A Festival for the World's Rarest Languages


Nov 6, 2014 9:35:44 PM / by Katharine Allen & Barry S. Olsen


Published: 28 June 2013


From National Geographic News Watch...


Article excerpt: This Wednesday, June 26, the National Mall in Washington D.C. will go from open field to bustling international village as the annual Smithsonian Folklife Festival opens to the public. One of the three major themes this year is “One World, Many Voices,” put on in partnership with National Geographic’s Enduring Voices Project. Representatives of some of the world’s most endangered languages will be leaving remote villages around the world and gathering in the U.S. capitol for ten days of cultural celebration and dialogue.

K. David Harrison is one of the curators of the festival, and a director of the Enduring Voices project says "I’m excited that at the Smithsonian Folklife Festival we will be creating one of the most linguistically diverse spots on the planet, for ten days. Come down to the Mall and you’ll hear languages that have been spoken in North America since ancient times, like Penobscot (Maine) and Siletz Dee-ni (Oregon). And there will be speakers of languages that have never before been heard or spoken here, like Koro (India), and Kallawaya (Bolivia)."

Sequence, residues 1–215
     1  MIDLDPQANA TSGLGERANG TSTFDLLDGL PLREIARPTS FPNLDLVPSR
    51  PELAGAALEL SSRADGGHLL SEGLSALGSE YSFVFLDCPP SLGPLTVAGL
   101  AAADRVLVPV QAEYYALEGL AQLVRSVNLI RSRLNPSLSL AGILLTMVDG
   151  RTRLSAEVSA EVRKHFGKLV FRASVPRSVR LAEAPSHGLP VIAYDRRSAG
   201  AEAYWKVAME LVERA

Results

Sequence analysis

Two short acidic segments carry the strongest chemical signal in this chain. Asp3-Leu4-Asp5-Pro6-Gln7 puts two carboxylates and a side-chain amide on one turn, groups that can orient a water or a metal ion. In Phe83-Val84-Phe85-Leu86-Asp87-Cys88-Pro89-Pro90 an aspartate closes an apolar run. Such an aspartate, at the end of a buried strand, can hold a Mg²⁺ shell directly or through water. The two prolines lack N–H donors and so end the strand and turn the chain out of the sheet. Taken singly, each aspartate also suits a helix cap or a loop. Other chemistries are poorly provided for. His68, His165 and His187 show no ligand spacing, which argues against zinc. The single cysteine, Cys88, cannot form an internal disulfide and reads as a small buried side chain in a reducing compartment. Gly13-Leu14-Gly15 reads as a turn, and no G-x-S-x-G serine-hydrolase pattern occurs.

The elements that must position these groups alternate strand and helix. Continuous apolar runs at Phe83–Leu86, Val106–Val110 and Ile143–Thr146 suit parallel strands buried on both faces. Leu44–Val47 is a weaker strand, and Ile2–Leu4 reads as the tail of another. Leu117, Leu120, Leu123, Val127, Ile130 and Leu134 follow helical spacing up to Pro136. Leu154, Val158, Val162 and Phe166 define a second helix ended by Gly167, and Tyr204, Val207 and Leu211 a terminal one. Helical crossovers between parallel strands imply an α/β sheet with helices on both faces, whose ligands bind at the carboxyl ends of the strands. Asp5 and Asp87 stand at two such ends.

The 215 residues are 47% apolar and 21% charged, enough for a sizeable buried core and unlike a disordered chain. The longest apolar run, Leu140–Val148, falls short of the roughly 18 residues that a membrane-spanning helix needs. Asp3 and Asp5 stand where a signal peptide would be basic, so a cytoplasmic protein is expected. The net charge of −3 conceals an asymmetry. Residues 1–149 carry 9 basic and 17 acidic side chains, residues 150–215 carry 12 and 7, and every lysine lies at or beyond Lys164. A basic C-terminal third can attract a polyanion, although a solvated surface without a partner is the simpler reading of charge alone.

Link to the full news story here.


InterpretAmerica's take: Last Friday we highlighted the amazing skill set required by American Sign Language interpreters who take on challenging assignments, such as signing for a rapid-fire hip hop artist. This Friday the spotlight is on another kind of cultural event relevant to interpreting, The annual Smithsonian Folklife Festival is dedicating one of its three theme tracks to shine a light on the plight of the thousands of endangered  languages around the world, "One world', Many Voices." Even if you are an interpreter for a commonly used language such as Spanish, you can to relate to the critical importance of maintaining our linguistic heritage and practice regardless of language. After reading the NatGeo article, be sure to check out the One World, Many Voices webpage for the event itself. The pictures and descriptions of these far-flung native cultures are stunning. 

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